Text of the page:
The journey of Christian prayer.
Who shall ascend the hill of the Lord?
This is Abound in Hope, a newsletter with thoughts and reflections on prayer from the perspective of a Catholic Christian. I hope that you join me here on the journey.
This photograph of the stairs to the Sainte-Baume grotto, in Southern France near Marseille where Saint Mary Magdalene spent her last years in prayer, speaks to me strongly of the journey of Christian prayer.
The walk itself from the base of the mountain to the grotto takes about 45 minutes. A quick glance upwards as you leave the parking area deceptively suggests a gentle walk through the woods will lead to the base of the steep cliffs below the grotto. During the first part of the climb, you walk through the forest on gently upwards sloping paths. The canopy obscures your view of what lies ahead — all you can see is the immediate path in front of you.
Each turn-back opens up a new portion of the path. Long gravel paths cut through the trees. Some legs of the journey are rocky. Others are smooth. Obstacles are encountered and climbed over. Clean, cold water flows from a mountain spring.
The path gets steeper as you get higher. One begins to wonder “how much farther do we have to walk?” After more walking than expected from that glance leaving the parking area, you are out of the woods. What you encounter are these stairs at the base of the final cliffs. Although this is late in the climb, you look up and see that the summit is still far away. (In my experience, the stairs are rather foreboding at this point if one was not physically ready for the climb!)
The picture reveals so much. One barely sees a flight of stairs before they are partially obstructed by a tree. Most of the stairs lie in shadow — the sunlight at this time of the day only illuminates a small portion of the stairs. The air is starting to cool now, close to the rock of the cliffs. How many flights of these stairs lie ahead before one reaches the summit?
The long walk up the mountain, with much of the future obscured from view, presents a great image of the journey of Christian prayer. Although each person’s experience is unique, there are recognized stages in the journey of prayer that lead to full mystical union with God. In future posts, I hope to discuss these stages in the spiritual life in more detail. For now, however, take a minute to go back and read the previous four paragraphs below the picture that describe the walk to the Sainte-Baume grotto. This time, instead of visualizing the physical journey up the mountain, read the story as an allegory describing the spiritual journey to union with God.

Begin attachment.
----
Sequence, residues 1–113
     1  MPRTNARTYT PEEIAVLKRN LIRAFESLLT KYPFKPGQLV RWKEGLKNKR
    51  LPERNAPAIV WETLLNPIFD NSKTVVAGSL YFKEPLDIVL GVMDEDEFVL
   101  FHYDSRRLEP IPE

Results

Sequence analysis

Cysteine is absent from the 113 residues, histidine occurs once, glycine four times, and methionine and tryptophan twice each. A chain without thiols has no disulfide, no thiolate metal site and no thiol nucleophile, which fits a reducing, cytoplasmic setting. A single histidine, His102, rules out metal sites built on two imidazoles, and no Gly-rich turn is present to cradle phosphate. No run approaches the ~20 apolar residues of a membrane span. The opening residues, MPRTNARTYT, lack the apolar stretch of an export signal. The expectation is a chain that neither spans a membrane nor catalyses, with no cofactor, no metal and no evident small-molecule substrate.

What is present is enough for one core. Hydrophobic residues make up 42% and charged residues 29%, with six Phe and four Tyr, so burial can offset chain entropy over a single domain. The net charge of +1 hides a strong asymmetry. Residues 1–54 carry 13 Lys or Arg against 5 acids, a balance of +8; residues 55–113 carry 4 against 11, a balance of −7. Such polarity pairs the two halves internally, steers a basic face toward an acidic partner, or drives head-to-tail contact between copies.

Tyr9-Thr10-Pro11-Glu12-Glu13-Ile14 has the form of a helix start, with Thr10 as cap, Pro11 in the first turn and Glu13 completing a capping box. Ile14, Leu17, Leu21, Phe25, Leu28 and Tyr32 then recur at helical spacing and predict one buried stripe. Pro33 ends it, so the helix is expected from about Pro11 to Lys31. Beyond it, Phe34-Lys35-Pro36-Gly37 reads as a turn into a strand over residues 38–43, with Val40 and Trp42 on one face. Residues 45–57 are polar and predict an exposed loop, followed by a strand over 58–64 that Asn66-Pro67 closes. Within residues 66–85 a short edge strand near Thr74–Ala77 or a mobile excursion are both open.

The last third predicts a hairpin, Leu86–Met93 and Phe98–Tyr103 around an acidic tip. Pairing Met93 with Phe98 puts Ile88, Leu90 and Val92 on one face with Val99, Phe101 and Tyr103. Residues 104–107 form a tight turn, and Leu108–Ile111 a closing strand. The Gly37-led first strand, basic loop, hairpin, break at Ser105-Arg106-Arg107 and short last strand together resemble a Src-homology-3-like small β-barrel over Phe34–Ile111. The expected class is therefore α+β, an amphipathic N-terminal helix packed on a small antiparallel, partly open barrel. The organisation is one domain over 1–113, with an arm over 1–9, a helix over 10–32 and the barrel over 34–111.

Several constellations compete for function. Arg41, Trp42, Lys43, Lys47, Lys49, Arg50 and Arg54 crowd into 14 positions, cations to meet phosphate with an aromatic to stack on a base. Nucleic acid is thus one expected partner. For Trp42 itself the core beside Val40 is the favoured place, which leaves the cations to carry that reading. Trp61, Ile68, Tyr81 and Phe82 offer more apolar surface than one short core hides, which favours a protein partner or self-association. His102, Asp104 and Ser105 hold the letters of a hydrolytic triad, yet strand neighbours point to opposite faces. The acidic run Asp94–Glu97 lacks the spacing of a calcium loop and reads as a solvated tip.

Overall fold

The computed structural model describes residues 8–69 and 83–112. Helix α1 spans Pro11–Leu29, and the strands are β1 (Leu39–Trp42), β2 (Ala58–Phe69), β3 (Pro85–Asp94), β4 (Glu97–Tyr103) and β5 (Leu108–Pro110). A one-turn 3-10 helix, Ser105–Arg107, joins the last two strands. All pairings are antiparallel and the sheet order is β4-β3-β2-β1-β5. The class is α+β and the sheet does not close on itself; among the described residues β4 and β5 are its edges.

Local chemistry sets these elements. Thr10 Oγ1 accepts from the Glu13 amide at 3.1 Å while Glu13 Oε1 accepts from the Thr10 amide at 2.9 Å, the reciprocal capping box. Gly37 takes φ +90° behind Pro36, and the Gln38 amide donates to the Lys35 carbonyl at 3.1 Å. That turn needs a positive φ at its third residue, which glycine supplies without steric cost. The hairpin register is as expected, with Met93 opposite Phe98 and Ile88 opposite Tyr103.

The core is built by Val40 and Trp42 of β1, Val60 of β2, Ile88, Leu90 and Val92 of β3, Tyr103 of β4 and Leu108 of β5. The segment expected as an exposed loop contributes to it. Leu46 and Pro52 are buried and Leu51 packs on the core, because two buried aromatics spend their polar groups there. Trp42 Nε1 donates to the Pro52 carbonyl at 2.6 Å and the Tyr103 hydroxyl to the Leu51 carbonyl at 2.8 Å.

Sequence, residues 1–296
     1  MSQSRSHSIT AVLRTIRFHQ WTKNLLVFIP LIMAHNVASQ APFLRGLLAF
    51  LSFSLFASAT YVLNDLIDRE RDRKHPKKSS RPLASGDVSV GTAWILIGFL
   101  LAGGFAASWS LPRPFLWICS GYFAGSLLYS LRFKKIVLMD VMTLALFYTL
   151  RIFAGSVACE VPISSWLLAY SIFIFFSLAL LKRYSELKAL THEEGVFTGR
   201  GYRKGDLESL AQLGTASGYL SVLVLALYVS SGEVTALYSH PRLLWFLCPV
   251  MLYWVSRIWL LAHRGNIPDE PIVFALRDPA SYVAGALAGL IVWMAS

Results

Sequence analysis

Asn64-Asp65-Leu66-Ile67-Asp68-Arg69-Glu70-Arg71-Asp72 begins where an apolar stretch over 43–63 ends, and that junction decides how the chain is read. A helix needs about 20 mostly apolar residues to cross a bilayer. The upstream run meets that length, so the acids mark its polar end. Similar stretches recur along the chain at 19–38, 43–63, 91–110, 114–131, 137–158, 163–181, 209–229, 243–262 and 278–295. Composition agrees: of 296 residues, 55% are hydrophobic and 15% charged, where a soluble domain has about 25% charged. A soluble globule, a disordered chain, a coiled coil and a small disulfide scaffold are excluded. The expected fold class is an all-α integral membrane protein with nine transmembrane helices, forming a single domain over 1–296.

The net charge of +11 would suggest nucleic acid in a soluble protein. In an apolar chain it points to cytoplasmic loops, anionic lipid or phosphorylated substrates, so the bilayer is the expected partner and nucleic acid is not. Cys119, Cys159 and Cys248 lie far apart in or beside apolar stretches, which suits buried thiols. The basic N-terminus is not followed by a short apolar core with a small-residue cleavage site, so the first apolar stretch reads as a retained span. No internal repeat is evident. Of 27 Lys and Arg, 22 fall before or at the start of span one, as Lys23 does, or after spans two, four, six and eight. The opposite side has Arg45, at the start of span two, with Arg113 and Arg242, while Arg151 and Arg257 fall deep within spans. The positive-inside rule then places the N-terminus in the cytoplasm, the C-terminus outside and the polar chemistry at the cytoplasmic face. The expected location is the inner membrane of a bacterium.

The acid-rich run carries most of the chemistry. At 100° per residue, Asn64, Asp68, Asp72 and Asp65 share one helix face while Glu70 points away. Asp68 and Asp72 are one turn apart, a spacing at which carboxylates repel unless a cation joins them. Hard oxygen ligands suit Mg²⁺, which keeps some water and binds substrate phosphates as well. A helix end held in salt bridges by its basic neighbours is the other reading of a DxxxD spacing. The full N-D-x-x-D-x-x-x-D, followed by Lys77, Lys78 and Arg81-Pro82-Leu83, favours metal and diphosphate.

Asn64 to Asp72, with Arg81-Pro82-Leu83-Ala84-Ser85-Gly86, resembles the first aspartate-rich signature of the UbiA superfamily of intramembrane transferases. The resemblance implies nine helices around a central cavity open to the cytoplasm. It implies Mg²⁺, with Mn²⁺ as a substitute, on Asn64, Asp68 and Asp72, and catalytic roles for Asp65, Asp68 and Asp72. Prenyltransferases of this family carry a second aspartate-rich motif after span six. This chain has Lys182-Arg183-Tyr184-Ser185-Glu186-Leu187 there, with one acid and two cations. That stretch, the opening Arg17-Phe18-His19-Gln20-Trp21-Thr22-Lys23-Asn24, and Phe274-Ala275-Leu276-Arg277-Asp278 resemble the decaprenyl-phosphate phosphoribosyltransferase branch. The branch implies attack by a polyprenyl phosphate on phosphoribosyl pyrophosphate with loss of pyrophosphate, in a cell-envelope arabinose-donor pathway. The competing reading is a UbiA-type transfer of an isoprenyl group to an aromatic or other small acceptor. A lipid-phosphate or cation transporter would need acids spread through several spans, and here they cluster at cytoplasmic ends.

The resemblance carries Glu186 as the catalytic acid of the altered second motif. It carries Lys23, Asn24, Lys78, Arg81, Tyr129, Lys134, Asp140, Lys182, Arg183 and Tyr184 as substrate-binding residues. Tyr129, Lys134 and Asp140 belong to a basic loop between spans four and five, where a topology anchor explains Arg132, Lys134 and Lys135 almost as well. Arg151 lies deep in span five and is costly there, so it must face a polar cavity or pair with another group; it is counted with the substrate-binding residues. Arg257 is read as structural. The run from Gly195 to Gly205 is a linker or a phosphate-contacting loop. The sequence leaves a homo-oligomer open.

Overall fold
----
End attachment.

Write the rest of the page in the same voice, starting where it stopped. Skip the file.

Mountains and hills are symbolic of prayer as we see them as being closer to God, something we ascend to. The psalmist writes in the Bible about this journey, the mystical ascent to God:
Who shall ascend the hill of the Lord?
And who shall stand in his holy place?
He who has clean hands and a pure heart,
who does not lift up his soul to what is false,
and does not swear deceitfully.
He will receive blessing from the Lord,
and vindication from the God of his salvation.
Psalm 24:3-5 (RSV-CE).
A slightly different translation reads:
Who shall ascend into the mountain of the Lord:
or who shall stand in his holy place?
The innocent in hands, and clean of heart,
who hath not taken his soul in vain,
nor sworn deceitfully to his neighbour.
He shall receive a blessing from the Lord,
and mercy from God his Saviour.
Psalm 23:3-5 (Douay-Rheims).
We also see this symbolism at work in the New Testament when Jesus begins the great Sermon on the Mount:
Seeing the crowds, he went up on the mountain,
and when he sat down his disciples came to him.
And he opened his mouth and taught them.
Matt. 5:1-2 (RSV-CE).
No matter where you may be on your journey to God through His Son Jesus Christ, let us set forth from today together with words of the Prophet Isaiah in our heart:
“Come, let us go up to the mountain of the Lord,
to the house of the God of Jacob;
that he may teach us his ways
and that we may walk in his paths.”
Isaiah 2:3 (RSV-CE).
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